Latton O’Rahilly’s GAA club shines a positive light
By Cian O’Connell
It is that time of the year again when Ireland is lighting up in the winter with GAA clubs occupying a central role throughout the country. After the success of the campaign earlier in the year, the GAA is again teaming up with RTÉ’s Operation Transformation and Get Ireland Walking, to make exercise more accessible. More than 150 GAA clubs across the country participated in this exciting initiative and this year the GAA now want to double this figure.
Latton O’Rahilly’s work in the community continues and the ‘Ireland Lights Up’ initiative remains a significant success in the club. Different health related initiatives have been implemented by the progressive club, who continue to work with the GAA’s Community and Health Department. The recent Healthy Club Conference at Croke Park proved to be another interesting event with stories shared and new projects commencing.
Christina Weldon, Latton O’Rahilly’s secretary and healthy club officer explains how the ‘Ireland Lights Up’ initiative worked so well. “We got very big numbers even though the weather wasn't great,” Weldon says. “Most nights we had between 80 and 100. It is a small community, but everyone really got behind it last year.
“All ages, that was the thing we noticed. The youngest was just over four and the oldest were in their 60s and we had a few of that age group between 60 and 75. We had around 20 of that age out walking. “We did two nights a week. We are a very rural club, we are six miles from the nearest towns, one of them in Cavan and one of them in Monaghan, we are just on the Cavan and Monaghan border. “It fitted us perfectly. We were going to do something anyway because we have a training pitch that you can walk around. We are three quarters of the way there with our new purpose-built walking track, we hope to open that next year.
“We were trying to get people into the idea of walking before we opened that to get them used to it. That is really what it did.”
What struck Weldon was how two men with limited attachment to the club participated and were ready, willing, and able to attend the walking sessions. “One of them has no links at all,” Weldon remarks. “The other man's grandchildren play for the club, he might go to the odd game, but as regards coming to anything in the club in the clubhouse or coming to things like that you would never have seen either of them there.
“We were up at the Operation Transformation Community Champions day in early January this year, Kathryn Thomas hosted it in Croke Park. From the podium people had asked what’s the best way is to promote it, through social media or what not? They had said social media is great for the young people, but for the older generation they said club notes and even to get the priest to announce it off the altar.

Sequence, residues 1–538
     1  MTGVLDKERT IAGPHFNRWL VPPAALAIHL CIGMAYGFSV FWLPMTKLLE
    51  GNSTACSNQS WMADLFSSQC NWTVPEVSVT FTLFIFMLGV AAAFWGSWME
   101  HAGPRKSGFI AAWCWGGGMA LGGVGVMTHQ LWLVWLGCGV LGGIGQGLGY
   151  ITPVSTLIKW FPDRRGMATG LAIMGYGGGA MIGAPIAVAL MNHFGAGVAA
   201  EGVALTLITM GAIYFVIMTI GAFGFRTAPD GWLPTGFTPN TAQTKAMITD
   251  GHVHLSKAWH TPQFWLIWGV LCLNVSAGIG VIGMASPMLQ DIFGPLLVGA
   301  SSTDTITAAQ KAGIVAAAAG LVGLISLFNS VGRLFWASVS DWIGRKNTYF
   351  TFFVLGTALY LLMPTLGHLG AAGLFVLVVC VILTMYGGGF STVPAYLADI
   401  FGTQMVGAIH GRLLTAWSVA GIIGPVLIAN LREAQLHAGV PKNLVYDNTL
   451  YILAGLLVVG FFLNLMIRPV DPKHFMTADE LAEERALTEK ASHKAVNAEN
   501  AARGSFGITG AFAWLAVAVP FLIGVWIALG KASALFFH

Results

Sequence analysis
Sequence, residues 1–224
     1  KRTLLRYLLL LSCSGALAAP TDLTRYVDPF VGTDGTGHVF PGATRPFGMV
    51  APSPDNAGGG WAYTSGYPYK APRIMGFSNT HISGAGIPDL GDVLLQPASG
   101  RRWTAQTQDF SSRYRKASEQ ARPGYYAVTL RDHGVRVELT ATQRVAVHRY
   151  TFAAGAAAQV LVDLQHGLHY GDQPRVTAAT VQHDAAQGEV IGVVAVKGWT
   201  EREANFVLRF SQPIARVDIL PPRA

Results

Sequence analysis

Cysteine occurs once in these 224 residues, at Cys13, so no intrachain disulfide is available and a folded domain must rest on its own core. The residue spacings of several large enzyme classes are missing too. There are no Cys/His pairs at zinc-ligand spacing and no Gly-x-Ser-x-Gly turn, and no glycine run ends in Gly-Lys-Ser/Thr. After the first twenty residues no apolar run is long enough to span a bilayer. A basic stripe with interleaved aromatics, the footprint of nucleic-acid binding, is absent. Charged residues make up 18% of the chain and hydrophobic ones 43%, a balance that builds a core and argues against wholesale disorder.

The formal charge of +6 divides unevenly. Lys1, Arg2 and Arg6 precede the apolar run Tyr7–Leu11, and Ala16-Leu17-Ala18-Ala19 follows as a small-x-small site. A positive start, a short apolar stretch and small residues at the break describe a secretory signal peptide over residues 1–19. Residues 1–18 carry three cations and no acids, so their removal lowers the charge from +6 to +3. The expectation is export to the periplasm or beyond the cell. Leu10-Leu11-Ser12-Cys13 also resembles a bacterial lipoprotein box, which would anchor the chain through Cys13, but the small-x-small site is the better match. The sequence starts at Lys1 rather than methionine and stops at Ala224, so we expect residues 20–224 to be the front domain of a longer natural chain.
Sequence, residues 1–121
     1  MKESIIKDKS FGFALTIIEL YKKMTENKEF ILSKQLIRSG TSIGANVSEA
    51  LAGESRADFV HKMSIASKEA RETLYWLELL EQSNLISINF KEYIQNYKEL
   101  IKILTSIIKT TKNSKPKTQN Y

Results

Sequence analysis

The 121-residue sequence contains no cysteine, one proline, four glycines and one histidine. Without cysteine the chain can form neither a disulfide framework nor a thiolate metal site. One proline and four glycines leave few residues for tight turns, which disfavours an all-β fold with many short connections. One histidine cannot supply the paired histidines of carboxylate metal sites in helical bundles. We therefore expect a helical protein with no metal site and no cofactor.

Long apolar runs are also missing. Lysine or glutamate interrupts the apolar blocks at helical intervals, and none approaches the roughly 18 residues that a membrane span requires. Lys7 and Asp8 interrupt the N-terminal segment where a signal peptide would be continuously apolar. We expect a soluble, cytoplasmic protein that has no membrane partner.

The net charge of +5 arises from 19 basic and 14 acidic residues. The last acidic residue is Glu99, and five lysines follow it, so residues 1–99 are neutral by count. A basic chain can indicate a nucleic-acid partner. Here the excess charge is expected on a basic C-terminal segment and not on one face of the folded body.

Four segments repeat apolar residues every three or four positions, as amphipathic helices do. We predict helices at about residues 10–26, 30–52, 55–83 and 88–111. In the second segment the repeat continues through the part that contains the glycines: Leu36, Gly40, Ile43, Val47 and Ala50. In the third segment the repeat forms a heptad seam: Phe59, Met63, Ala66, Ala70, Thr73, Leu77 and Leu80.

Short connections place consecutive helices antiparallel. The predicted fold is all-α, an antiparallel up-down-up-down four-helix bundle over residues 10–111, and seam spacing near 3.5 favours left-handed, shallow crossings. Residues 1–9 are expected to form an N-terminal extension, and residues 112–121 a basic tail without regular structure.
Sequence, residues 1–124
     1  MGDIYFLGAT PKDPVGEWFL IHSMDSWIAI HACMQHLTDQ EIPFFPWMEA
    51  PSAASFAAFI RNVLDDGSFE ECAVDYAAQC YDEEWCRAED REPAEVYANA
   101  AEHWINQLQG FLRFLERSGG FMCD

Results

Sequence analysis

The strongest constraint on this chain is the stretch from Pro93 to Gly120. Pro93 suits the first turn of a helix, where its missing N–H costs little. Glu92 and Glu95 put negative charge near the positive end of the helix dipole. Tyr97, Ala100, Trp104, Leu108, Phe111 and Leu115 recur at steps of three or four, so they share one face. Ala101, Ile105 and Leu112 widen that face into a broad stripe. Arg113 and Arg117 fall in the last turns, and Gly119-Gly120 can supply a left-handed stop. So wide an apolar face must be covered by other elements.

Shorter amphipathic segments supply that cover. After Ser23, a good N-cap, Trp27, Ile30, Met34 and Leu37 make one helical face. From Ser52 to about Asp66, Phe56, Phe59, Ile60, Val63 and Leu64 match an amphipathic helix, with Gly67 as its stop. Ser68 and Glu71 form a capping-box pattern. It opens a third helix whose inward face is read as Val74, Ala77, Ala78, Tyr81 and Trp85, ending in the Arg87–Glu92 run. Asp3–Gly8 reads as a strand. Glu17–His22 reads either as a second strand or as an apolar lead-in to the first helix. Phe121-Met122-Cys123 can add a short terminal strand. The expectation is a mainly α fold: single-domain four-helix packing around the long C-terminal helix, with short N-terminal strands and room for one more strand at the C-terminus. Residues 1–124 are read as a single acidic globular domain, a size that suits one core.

“Just as we were leaving Croke Park that day I said to my husband, who is the PRO, that we'd ring the priest. We said that everyone is welcome, that it would be a great way to get out and about walking in the dark nights. “Basically, what we had told the priest he wrote it down and read it word for word. One of the men had lost his wife last year and he lived at home on his own.”
It captured the importance and relevance of social inclusion for Weldon. “It was never going to be a fitness thing,” Weldon admits. “The social element is probably more important for a rural community. If you close your door in the evening, that is it for a lot of people, especially older people.”
Weldon who was recently nominated as a ‘healthy club hero’ for her outstanding work is content that Latton O’Rahillys recently completed a successful Operation Transformation drive. “Before the Lights Up I had applied for the second phase of the Healthy Clubs and we had been accepted in December,” Weldon recalls.
“So, we knew that Ireland Lights Up had started and we just completed an Operation Transformation. “We had up to 57 people out, we did something every night of the seven days. We finished it with a 5k on Sunday (November 25). We had over 45 people running in that. It was a six-week programme so we had something on every night for the six weeks.
“Some people did the whole programme, but we had things like a circuit training on Wednesday night that people would go to. “Our aim was to get middle aged men in their 40s and 50s out, who had stopped playing. We just noticed in our numbers in the 5k that we had almost 20 men running, that would have never run in their lives before. We had them back. It was intense getting it done.” Another Latton O’Rahillys mission accomplished.
Registration is now open for Ireland Lights Up and interested clubs can sign up by simply going to www.getirelandwalking.ie, reviewing the criteria and registering online. The closing date is Friday December 21st. During the five-week period Operation Transformation cameras will visit a selection of participating clubs across the series, with all clubs encouraged to capture their stories via video and images for use on the show, GAA.ie and RTÉ’s various platforms.